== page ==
Lockdowns and reduced social contact have affected us all to some extent. But people living with an eating disorder have lost the support networks that are so vital to their recovery. This, coupled with reduced access to community services due to workforce shortages and the need for social distancing, means many people are suffering in silence, unable to access the help they need in their communities.
With community services difficult to access, more people are getting sicker and are reaching a point of crisis. Their illnesses are getting worse because they’ve not been able to get the early treatment that is crucial to combatting an eating disorder. The sicker they become the more likely it is they’ll need inpatient care and potentially life-saving treatment. Sadly, we are already seeing this in services.
New data from one provider collaborative in the south of England shows there’s been a 20 per cent increase in the number of adult emergency referrals and a doubling in the waiting time for urgent care from 33 to 67 days since the pandemic. There’s also been a fourfold rise in the number of young people waiting for urgent care and a 129 per cent increase in those needing routine treatment compared to this time last year.
Eating disorders can affect people of all genders at any age. The number of men admitted for an eating disorder has increased by 24 per cent in the last three years, while the number of women and men over 41 has increased by 36 per cent.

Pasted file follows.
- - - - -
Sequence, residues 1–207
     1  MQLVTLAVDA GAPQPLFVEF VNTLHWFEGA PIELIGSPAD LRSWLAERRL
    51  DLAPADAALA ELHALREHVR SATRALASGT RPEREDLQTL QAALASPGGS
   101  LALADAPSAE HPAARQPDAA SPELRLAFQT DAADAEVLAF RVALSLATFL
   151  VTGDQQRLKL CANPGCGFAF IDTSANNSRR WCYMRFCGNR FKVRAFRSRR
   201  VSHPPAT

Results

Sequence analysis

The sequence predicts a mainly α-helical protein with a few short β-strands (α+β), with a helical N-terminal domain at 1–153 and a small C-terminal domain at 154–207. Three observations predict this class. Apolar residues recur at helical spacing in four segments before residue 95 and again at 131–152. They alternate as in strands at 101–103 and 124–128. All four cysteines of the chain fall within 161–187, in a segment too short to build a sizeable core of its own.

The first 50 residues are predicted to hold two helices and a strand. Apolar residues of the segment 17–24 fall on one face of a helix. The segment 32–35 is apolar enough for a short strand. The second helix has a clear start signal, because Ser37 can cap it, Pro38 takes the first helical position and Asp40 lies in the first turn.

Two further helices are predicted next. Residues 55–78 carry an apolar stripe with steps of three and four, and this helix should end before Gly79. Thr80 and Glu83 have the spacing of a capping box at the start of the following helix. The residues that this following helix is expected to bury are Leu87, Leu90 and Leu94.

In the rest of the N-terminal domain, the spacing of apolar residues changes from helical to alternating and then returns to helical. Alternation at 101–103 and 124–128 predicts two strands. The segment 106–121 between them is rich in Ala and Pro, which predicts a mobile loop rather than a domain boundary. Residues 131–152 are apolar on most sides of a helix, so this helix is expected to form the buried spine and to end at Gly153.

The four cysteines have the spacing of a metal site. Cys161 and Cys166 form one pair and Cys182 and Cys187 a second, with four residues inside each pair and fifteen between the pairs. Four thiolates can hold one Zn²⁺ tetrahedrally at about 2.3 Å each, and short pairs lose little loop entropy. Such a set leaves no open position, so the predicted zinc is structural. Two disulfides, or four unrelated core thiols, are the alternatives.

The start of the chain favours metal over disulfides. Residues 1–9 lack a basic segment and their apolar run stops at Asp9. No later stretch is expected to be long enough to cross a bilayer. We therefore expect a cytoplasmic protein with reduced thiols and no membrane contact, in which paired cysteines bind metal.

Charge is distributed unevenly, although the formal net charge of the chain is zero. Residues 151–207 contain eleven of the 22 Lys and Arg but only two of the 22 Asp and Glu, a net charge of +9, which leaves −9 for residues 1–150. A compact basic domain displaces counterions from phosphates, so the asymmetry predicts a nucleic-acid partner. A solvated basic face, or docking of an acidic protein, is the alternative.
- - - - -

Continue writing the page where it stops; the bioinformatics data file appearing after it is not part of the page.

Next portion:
While demand for services is surging, the capacity of the crumbling mental health estate has been drastically reduced. Infection control and social distancing measures mean many beds have been lost, depriving people living with anorexia, bulimia, binge eating disorders and other conditions from the lifesaving care they need. It cannot be right that services are either turning people away or sending them far from home for treatment because of a lack of capacity.
Years of chronic underinvestment is one of the reasons why services are struggling to meet demand. There must be significant investment into services, including updating the dilapidated buildings in which we treat our patients. Money alone is not enough. We also need the workforce in both community and inpatient settings to ensure those patients who do get a referral can promptly access the treatment and support they need.
Early intervention is vital when it comes to treating eating disorders, but far too often these illnesses are missed by frontline health and care staff. That’s why the Royal College of Psychiatrists is calling for all frontline staff to be better trained in identifying these conditions so that patients can be signposted to specialist services.
The waiting time targets for children and young people have fortunately improved access to treatment. Now it’s time to deliver waiting time targets for adults, otherwise the cruel postcode lottery in their treatment will continue despite the commitments made in the NHS long-term plan.
Messaging to encourage people to exercise and to look after their weight was understandably intended to help people stay active and healthy during the pandemic. But this messaging can have a detrimental effect, particularly on younger people who might be worrying about how they look and think they should be losing weight.
The government and NHS England must take urgent action to address the hidden epidemic of eating disorders sweeping across the country because of the pandemic and prevent more lives being lost.
Dr Adrian James is president of the Royal College of Psychiatrists.
For anyone struggling with the issues raised in this piece, eating disorder charity Beat’s helpline is available 365 days a year on 0808 801 0677. NCFED offers information, resources and counselling for those suffering from eating disorders, as well as their support networks. Visit eating-disorders.org.uk or call 0845 838 2040.
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